The Planning Department is responsible for amending and updating the City's land development regulations. Development regulations in the Snohomish Municipal Code are found within Title 14.
Development regulations are intended to implement and be consistent with the Comprehensive Plan goals and policies. Proposed amendments to the development code are first considered at a public hearing by the Planning Commission, which makes a recommendation to the City Council. The City Council typically holds a second public hearing before taking action on a code amendment. All development code amendments are adopted by City Council ordinance.
Amendments to the development code may be initiated by the City Council, the Planning Commission, staff, or citizens.
Find links to our current codes on the Code Compliance page.
Permit Review Process Code Amendment
The review process code amendment will involve changes to several chapters of the land use development code (Title 14), for the main purpose of improving clarity for the reader. These improvements will make the permit review process easier to understand and administer, which will help developers, neighbors, staff, and the public.
The City currently has 6 permit types. These are organized based on steps required in the review process, and are confusing for the applicant as well as staff. The proposed amendment will recategorize these into 5 types based on the review authority and the appeal process. Permit types are discussed throughout Title 14, so there are a lot of very small changes necessary in order to make this fix.
Some existing chapters will be repealed under this amendment, because they contain redundant and confusing language. The regulations contained in these chapters will be combined and listed in one place.
Perhaps the most substantial proposed change is to the Administrative Development Plan, which is a type of land use permit where the components of a proposed development site, including building setbacks, parking, landscaping, proposed uses, utilities, and public improvements are reviewed for consistency with applicable codes. Right now the code only requires this permit in certain land use zones, which allows much of the commercial and industrial development in town to be processed with a simple building permit—with no notice requirements. Staff is proposing to change this permit so that it is applicable to all development except single family, and also change the name to Site Development Plan, since that’s what it is.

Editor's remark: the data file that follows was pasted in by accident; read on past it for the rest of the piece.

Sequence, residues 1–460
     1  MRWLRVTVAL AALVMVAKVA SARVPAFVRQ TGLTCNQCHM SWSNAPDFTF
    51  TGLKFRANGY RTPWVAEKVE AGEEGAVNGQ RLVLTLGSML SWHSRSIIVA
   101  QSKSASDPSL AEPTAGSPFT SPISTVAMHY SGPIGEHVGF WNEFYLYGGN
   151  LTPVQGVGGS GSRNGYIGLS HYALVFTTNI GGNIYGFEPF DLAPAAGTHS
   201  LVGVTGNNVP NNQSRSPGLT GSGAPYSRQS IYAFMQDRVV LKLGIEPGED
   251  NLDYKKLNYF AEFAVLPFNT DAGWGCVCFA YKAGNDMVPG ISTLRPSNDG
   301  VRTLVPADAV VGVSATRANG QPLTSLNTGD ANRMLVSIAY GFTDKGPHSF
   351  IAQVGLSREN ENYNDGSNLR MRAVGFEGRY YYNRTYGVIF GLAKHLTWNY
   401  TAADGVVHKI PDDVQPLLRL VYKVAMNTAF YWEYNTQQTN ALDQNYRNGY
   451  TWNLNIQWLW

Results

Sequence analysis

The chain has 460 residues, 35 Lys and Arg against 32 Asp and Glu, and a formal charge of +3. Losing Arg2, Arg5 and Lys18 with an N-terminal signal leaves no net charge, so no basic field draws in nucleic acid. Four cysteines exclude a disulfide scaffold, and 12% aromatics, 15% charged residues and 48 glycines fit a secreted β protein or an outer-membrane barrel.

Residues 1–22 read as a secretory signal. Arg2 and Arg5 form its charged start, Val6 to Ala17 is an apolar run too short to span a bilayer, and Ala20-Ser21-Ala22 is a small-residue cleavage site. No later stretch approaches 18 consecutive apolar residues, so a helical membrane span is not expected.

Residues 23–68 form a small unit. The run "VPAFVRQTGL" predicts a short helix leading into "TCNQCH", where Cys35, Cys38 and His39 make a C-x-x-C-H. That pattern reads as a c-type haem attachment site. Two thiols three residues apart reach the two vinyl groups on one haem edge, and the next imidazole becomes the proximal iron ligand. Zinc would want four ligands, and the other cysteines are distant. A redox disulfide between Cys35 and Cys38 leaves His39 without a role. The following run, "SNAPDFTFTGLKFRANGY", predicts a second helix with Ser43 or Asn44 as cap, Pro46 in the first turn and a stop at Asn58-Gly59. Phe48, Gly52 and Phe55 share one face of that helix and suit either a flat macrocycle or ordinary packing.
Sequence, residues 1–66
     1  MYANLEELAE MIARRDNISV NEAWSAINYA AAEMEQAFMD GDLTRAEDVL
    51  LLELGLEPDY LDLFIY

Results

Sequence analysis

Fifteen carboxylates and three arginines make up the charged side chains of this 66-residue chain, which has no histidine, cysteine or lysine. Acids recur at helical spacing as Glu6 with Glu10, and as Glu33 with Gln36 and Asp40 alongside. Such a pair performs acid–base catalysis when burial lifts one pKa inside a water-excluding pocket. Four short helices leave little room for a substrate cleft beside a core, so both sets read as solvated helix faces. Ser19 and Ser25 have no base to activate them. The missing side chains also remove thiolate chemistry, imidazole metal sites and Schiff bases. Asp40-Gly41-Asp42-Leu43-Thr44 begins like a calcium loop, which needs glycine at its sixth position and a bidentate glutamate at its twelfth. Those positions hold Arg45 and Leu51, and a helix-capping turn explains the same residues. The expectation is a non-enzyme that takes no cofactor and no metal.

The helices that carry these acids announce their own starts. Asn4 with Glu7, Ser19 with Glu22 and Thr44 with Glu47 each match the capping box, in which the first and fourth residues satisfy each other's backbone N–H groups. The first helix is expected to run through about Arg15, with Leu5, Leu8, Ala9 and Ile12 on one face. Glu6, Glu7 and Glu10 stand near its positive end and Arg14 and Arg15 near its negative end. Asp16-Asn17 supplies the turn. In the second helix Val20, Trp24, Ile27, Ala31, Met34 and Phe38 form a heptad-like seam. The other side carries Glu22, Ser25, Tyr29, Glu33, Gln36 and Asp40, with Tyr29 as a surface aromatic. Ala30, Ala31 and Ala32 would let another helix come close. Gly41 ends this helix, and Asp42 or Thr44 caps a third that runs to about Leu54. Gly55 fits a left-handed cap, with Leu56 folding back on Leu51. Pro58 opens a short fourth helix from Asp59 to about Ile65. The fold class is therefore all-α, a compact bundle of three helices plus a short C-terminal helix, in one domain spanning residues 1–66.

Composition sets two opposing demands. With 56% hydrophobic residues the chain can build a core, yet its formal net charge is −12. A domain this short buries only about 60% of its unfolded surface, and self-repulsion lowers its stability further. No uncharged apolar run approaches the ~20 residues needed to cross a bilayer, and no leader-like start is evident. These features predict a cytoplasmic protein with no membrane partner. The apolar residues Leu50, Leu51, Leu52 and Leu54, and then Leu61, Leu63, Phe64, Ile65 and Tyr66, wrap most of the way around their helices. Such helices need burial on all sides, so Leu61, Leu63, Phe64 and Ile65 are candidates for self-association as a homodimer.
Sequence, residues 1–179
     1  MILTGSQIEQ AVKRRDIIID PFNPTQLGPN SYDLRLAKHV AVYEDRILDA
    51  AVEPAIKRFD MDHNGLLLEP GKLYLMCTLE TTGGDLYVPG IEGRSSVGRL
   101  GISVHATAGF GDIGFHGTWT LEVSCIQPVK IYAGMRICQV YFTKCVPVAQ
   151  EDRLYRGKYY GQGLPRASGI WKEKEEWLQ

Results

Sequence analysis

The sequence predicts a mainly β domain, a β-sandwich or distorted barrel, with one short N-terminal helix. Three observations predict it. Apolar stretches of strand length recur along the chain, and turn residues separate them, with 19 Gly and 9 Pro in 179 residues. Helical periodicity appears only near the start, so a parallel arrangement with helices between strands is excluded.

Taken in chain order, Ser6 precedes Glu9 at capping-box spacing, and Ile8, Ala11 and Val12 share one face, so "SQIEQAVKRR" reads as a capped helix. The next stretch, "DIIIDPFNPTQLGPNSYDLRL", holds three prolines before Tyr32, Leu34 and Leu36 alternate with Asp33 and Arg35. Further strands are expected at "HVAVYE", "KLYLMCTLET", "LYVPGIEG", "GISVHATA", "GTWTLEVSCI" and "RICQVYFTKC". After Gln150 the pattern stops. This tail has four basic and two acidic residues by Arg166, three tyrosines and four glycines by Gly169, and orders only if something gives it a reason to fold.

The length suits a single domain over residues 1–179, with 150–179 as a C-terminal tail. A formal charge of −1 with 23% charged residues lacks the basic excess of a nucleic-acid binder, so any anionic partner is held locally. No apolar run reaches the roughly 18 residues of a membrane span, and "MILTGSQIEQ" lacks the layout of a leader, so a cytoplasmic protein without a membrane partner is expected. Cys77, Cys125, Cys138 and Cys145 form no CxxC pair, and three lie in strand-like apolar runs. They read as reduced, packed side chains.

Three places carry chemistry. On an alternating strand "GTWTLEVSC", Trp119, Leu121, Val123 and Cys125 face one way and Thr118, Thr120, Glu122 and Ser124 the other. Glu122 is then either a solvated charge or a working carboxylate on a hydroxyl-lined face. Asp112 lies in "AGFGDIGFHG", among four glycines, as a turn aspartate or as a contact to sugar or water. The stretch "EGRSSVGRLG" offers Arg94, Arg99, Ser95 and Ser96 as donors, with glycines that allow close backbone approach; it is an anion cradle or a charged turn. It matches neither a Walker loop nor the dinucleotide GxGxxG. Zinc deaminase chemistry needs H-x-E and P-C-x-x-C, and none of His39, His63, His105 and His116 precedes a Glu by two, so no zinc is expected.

Below is a list of affected chapters. The complete draft language can be found here. The Planning Commission is scheduled to discuss these amendments on September 6th, with a public hearing on November 1st. The City Council is scheduled to review the amendments before the end of this year. Please contact Brooke Eidem with any questions you may have on these proposed legislative changes.
14.15 Amendments to the Comprehensive Plan, Land Use Map, and Development Code
14.20 Permit Classifications and Development Review Process (NEW)
14.55 Conditional Use Permits
14.65 Site Development Plans
14.80 Non-Conforming Uses and Structures
14.25 Type 1 Permits
14.30 Type 2 Permits
14.35 Type 3 Permits
14.40 Type 4 Permits
14.45 Type 5 Permits
14.50 Type 6 Permits
14.55 Provisions Applicable to All Permits
14.82 Non-Conforming Structures
Chapters containing minor amendments:
14.205 Permitted Land Uses
14.220 Planned Residential Developments
14.225 Design Standards in the Historic District
14.230 Design Standards Outside the Historic District
All of the above contain references to Permit Types that will be changed
The Land Use Development Code, Title 14 of the Snohomish Municipal Code (SMC), authorizes the Planning Director to interpret the code where it is unclear or contradictory and to determine whether a land use is allowed when the land use tables don’t anticipate that use. The Director must issue a written interpretation to formalize that determination in order to establish a clear precedent. This authority and relevant rules for code interpretations are found in SMC 14.05.050 and SMC 14.207.060.
The Director has issued a code interpretation to clear up confusion regarding the difference between a Bed & Breakfast establishment and a vacation rental (sometimes referred to as an “Airbnb”). While Bed & Breakfast establishments are regulated in Title 14 and have been since 1983, the code did not anticipate the popularity of vacation rentals so the term isn’t defined nor is the use identified in the land use tables.
The code interpretation defines “Vacation Rental” to mean the same as “Short-term Rental”.
A “Vacation Rental” is a furnished dwelling unit, or room within a dwelling, or an Accessory Dwelling Unit, that is rented out on a daily or weekly basis for periods of less than 30 days. When the entire dwelling unit is rented it shall be occupied by no more than five (5) people who are travelling together as a group. When a portion of the dwelling united is rented, only one room may be rented at one time and that room may be occupied by no more than three (3) people.
Vacation Rentals will be allowed in any dwelling unit and do not require any City permits.
Download the full code interpretation Download the full code interpretation.